More info at Avalanche.org

Glide cracks are still slowly opening. Although we have not heard/seen one of these release for over a week now, limiting exposure under them remains wise. Known areas with cracks are Eddies, Tincan, Sunburst, Magnum, Cornbiscuit, Lipps, Seattle Ridge, Johnson Pass, Lynx Creek, Summit Lake, Petersen Creek, and Girdwood. This avalanche hazard is unpredictable and cracks can release without warning. 

Glide cracks on the SW aspect on Magnum, photographed Thursday Jan 17 by Peter Smith.

Weather
Sat, January 19th, 2019

Yesterday:   Clear skies with dense valley fog in places were seen over the region. Temperatures were inverted with teens in valley bottoms and mid-20’sF along ridgetops during the day. Winds were light and variable along ridgelines. Overnight, winds shifted to a more NW direction bringing in cooler air aloft.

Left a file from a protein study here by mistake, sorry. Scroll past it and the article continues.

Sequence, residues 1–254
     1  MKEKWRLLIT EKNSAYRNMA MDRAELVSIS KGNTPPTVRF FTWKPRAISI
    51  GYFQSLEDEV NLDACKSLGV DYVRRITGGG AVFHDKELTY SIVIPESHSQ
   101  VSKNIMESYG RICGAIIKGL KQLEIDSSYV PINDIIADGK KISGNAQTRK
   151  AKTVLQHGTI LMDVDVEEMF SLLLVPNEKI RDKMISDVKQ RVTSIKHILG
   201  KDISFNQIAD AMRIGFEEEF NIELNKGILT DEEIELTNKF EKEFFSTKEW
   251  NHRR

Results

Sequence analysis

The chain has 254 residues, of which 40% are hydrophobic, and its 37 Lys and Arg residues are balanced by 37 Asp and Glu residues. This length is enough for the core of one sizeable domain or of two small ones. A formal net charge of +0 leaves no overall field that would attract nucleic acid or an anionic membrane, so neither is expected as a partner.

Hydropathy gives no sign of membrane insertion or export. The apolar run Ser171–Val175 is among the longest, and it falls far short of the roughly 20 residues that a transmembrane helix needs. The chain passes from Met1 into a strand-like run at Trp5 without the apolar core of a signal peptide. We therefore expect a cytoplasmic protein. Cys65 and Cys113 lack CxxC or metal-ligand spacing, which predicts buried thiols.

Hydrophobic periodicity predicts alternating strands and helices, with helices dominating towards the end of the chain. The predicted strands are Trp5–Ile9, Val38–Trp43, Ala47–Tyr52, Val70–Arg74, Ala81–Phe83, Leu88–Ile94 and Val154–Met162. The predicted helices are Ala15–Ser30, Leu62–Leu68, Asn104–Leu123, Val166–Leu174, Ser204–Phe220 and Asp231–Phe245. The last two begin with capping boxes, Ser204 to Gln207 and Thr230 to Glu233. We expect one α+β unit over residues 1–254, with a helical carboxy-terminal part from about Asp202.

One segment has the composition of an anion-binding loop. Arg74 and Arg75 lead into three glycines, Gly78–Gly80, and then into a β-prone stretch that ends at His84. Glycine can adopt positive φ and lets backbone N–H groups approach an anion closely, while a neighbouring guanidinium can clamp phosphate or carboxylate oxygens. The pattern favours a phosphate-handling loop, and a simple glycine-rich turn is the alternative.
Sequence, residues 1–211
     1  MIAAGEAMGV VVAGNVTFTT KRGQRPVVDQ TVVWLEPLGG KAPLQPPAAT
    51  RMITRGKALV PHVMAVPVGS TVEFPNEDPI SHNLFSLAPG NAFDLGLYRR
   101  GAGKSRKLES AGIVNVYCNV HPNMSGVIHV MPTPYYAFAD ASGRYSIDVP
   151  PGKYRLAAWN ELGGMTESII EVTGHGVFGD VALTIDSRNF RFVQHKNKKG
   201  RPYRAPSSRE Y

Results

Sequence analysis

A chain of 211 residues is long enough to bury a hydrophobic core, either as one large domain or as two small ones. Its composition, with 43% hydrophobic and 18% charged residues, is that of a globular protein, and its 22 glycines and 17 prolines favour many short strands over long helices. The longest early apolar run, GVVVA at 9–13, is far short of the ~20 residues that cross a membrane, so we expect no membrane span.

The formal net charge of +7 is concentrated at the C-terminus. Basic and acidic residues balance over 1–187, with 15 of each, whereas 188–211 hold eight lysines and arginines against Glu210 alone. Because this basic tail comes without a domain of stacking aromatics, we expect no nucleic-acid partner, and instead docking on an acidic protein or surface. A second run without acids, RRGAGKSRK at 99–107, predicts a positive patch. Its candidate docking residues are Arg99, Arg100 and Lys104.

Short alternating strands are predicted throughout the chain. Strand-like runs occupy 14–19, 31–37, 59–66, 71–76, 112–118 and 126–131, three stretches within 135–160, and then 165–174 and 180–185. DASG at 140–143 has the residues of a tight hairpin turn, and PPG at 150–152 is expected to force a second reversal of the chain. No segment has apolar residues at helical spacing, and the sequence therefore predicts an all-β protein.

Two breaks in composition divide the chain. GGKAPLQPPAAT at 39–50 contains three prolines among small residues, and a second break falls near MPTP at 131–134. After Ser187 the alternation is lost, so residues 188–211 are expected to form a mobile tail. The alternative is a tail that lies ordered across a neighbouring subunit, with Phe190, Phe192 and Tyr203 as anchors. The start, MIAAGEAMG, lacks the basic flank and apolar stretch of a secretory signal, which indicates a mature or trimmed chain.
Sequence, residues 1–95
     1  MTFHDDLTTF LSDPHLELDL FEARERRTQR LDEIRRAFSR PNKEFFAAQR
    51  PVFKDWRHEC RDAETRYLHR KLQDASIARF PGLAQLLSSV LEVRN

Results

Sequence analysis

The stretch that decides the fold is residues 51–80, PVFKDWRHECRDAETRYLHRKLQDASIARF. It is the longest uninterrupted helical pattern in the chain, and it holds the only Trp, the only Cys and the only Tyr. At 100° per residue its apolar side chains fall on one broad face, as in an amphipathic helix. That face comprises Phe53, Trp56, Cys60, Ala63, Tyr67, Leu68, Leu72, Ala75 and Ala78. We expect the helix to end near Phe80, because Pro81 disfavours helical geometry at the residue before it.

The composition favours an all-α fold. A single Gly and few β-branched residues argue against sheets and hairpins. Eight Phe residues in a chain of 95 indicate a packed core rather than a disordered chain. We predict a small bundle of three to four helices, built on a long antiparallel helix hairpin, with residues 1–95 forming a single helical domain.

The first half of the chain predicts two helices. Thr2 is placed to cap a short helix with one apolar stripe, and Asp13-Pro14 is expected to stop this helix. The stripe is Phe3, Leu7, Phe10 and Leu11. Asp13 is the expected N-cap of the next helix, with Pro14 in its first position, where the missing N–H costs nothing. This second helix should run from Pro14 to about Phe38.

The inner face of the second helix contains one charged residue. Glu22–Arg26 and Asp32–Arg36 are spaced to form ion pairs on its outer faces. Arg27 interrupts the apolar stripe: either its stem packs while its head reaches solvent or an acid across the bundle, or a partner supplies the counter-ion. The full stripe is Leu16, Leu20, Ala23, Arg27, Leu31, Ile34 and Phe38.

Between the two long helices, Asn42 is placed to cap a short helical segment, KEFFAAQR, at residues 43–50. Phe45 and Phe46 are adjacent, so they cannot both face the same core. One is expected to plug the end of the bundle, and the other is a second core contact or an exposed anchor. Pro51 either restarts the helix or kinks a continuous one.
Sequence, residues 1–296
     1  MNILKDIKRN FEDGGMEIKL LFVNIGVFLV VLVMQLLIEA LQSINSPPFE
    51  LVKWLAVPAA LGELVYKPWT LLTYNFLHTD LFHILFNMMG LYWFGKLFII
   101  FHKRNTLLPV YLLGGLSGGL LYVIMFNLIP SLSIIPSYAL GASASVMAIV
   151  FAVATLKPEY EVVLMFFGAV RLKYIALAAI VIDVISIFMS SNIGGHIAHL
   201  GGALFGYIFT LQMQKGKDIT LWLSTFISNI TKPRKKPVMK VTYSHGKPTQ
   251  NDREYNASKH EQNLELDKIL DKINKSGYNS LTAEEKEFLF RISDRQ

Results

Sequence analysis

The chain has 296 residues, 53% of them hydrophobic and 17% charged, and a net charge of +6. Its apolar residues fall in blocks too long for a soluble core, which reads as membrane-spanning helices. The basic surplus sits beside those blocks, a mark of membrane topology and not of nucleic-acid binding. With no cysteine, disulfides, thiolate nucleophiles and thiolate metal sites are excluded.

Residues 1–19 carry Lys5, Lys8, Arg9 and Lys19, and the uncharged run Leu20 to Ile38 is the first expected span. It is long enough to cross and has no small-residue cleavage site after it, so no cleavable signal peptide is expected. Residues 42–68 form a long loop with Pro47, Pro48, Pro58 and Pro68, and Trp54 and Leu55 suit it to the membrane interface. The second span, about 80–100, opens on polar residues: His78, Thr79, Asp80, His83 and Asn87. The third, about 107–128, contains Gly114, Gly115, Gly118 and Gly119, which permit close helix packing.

Today:   Another clear sky day is on tap.  Ridgetop winds are expected to remain light from the NW.  The inversion is breaking down with the arrival of cooler air from the NW. Temperatures sit in the teens F at all elevations this morning where they are forecast to remain for the day. The exception is Summit Lake, where temperature have dropped into the single digits.  

Tomorrow:    The last day for this clear sky period is expected tomorrow. Temperatures will continue to decrease and single digits are expected. Clouds, warming temps and a chance for snow move in on Monday, while a higher chance for snowfall is forecast for Tuesday into Wednesday.  

 *Seattle Ridge weather station was heavily rimed and the anemometer (wind sensor) was destroyed. We are currently working to replace it.

PRECIPITATION 24-hour data (6am – 6am)

  Temp Avg (F) Snow (in) Water (in) Snow Depth (in)
Center Ridge (1880′) 23   0   0   51  
Summit Lake (1400′) 9   0   0   20